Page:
• The Victorian Aboriginal Heritage Council says an important boundary line has been redrawn for Greater Melbourne. (AAP Image/Michael Dodge)Source: AAP Image/Michael Dodge
A new boundary designating responsibility for protecting cultural heritage and Country across Melbourne has left some parties bitterly unhappy.
By
NITV Staff Writer

Source:
NITV News
1 Jul 2021 - 10:06 PM  UPDATED 1 Jul 2021 - 10:08 PM

Greater Melbourne will be divided by a controversial new boundary line from today, following a decision by the Victorian Aboriginal Heritage Council (VAHC).

The city and dozens of local council areas have been divided in two, with Bunurong Land Council Aboriginal Corporation (BLCAC) responsible for the Country to the south, and Wurundjeri Woi-wurrung Cultural Heritage Aboriginal Corporation (WWWCHAC) for the lands to the north.

Neither group chose to formally participate in a public information session about the changes today, but Wurundjeri Elder Allan Wandin told the meeting that he was distressed by the boundary changes.

“I really can’t do a welcome today. For us, it’s a very, very sad day,” Mr Wandin said.

“It’s a sad day because land has been given to Bunurong that is clearly not theirs.

"I’m just going to congratulate the Bunurong and the VAHC (Victoria Aboriginal Heritage Council) and the government for making me feel ill.

"It’s a very, very stressful time.

"(The government has done) a great job of divide and conquer.”

Boonwurrung woman Caroline Martin spoke in support of Mr Wandin and asked why the Boonwurrung people had not been included in the process.

“My family is in the same distress because of a decision that you have made,” she told the meeting, which ended shortly after her question.

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In a statement, the VAHC said the fact the groups chose not to participate "highlights the difficulty of Council's decision and the ongoing trauma and uncertainty endured by Traditional Owners in the face of historical dispossession of their lands".

The new boundary line runs from west to east across the city.

"(This) is so hard to achieve today given that we are required to draw lines, boundaries, fences, walls, because of the imposition of modern context."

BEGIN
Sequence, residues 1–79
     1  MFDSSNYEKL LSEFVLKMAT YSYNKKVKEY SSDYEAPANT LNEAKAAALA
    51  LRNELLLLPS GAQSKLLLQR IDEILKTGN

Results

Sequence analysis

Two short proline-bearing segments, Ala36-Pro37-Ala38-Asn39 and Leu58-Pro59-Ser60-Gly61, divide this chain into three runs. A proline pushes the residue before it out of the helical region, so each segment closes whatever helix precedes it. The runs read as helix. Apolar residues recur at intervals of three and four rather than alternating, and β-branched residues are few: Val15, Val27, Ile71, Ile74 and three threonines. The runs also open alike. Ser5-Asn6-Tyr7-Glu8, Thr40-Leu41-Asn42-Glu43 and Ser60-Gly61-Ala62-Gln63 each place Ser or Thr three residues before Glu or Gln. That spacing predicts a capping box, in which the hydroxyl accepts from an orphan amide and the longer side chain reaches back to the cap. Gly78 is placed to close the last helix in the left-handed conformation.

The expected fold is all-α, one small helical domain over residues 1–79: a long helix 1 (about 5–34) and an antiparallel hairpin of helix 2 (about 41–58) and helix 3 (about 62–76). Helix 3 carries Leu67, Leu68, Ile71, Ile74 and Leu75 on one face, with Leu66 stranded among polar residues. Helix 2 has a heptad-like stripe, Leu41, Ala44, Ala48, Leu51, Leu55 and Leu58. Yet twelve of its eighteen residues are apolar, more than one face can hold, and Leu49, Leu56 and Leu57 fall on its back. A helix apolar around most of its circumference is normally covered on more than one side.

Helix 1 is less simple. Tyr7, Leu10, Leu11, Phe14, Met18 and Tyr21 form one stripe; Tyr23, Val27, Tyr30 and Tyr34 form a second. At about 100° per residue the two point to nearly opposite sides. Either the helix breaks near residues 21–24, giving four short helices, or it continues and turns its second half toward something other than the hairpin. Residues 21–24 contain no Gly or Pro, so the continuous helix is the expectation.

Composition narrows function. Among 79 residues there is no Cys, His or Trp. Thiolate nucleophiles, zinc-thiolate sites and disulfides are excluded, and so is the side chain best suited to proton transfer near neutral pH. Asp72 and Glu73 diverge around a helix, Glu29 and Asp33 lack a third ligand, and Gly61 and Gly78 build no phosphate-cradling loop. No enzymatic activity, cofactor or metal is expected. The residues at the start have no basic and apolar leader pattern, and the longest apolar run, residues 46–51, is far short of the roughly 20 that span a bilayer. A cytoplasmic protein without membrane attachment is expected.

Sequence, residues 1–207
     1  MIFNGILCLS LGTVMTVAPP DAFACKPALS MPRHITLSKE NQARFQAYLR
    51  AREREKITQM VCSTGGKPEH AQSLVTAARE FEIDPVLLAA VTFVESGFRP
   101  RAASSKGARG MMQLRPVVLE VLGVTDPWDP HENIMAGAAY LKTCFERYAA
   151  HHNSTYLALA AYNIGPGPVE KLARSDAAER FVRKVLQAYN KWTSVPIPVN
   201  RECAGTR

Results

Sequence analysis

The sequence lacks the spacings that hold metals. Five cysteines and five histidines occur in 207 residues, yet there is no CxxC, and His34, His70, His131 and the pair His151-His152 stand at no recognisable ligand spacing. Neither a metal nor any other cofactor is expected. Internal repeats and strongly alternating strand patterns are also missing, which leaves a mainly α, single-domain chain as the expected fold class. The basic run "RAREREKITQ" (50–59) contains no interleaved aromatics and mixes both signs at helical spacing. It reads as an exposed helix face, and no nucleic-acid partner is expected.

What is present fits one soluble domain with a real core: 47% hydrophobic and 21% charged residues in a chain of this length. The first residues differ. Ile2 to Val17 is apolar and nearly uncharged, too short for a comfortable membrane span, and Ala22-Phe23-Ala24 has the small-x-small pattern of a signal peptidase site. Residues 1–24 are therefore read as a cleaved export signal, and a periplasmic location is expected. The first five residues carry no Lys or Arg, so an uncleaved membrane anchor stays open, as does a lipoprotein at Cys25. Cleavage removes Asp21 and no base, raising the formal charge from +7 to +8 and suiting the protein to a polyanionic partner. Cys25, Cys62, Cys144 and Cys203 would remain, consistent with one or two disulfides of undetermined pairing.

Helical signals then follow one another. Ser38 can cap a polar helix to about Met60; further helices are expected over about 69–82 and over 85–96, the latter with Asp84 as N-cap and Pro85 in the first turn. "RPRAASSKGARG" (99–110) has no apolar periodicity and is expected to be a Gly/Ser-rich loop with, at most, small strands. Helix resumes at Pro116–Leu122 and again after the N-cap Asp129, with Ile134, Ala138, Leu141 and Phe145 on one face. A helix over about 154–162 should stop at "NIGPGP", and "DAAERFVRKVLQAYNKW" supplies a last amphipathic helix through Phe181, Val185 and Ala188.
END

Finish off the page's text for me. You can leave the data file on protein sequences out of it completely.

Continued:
The Council’s chair Rodney Carter described it as a “pretty difficult decision”, which came after more than four years of talks between the two Registered Aboriginal Parties failed to reach an agreement.

"We understand in our customs and traditions, and of what defines us as individual clans and of people, that the boundaries are the places that bring us together, and they actually make us stronger," Mr Carter told the meeting.

"They are places in old times that were blurred and allowed us the opportunity to see each other, to travel from one domain to the next and do business.

"That is so hard to achieve today given that we are required to draw lines, boundaries, fences, walls, because of the imposition of modern context, and we should (never) be judged upon what is imposed on us in having to draw these lines.

"They were not of our design and not of our making.

"We've created this line, in terms of traditional areas - they are along roads, riverways, and is an acknowledgement of our colonised environment.

"We must stand strong and protect Country."

A map showing the new boundary line set by the Victorian Aboriginal Heritage Council

Council says decision provides "certainty"

The council said the two registered Aboriginal parties (RAPs) had their boundaries extended to bridge the "gap" between their pre-existing areas, in what it described as a landmark registration variation under the Aboriginal Heritage Act.

The director of the Office of the Victorian Aboriginal Heritage Council Matthew Storey acknowledged there were people on both sides, within both the WWWCHAC and the BLCAC, who were unhappy with the changes.

"When you make a decision like this you can never keep everybody happy, particularly when you've got two opposing views," Mr Storey said.

"Council has the statutory job... of making the decisions so that Victoria as a society has some certainty about who they can speak to as Traditional Owners of country."

He said both RAPs had consented to the proposal relating to their own area last month.

"Not everybody is going to be happy with all the decisions, but a decision has been made and it's important to work with it."

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